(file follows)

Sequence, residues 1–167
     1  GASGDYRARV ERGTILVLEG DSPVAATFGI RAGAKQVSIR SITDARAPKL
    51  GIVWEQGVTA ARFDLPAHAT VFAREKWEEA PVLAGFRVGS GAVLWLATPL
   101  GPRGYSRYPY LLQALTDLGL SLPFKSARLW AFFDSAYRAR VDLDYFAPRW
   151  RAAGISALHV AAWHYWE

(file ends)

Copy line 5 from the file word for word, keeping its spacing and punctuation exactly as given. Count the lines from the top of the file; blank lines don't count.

   151  RAAGISALHV AAWHYWE